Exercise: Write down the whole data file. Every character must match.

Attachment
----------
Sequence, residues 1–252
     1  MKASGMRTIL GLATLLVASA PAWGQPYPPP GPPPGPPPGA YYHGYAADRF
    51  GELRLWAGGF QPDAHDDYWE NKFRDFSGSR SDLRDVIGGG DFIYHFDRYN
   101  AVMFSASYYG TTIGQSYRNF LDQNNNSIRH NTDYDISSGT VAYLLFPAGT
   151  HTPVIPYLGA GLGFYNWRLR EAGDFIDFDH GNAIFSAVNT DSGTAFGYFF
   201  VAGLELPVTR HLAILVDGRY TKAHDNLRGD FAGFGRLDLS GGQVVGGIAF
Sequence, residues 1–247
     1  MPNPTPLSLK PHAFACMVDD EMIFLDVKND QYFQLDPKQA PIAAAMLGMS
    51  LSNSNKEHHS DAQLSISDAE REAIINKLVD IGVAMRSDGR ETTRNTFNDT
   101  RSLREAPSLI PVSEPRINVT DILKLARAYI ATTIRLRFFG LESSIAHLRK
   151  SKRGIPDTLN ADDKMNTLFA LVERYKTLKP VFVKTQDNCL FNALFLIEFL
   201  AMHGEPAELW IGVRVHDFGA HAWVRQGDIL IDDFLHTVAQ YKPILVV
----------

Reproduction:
Sequence, residues 1–252
     1  MKASGMRTIL GLATLLVASA PAWGQPYPPP GPPPGPPPGA YYHGYAADRF
    51  GELRLWAGGF QPDAHDDYWE NKFRDFSGSR SDLRDVIGGG DFIYHFDRYN
   101  AVMFSASYYG TTIGQSYRNF LDQNNNSIRH NTDYDISSGT VAYLLFPAGT
   151  HTPVIPYLGA GLGFYNWRLR EAGDFIDFDH GNAIFSAVNT DSGTAFGYFF
   201  VAGLELPVTR HLAILVDGRY TKAHDNLRGD FAGFGRLDLS GGQVVGGIAF
Sequence, residues 1–247
     1  MPNPTPLSLK PHAFACMVDD EMIFLDVKND QYFQLDPKQA PIAAAMLGMS
    51  LSNSNKEHHS DAQLSISDAE REAIINKLVD IGVAMRSDGR ETTRNTFNDT
   101  RSLREAPSLI PVSEPRINVT DILKLARAYI ATTIRLRFFG LESSIAHLRK
   151  SKRGIPDTLN ADDKMNTLFA LVERYKTLKP VFVKTQDNCL FNALFLIEFL
   201  AMHGEPAELW IGVRVHDFGA HAWVRQGDIL IDDFLHTVAQ YKPILVV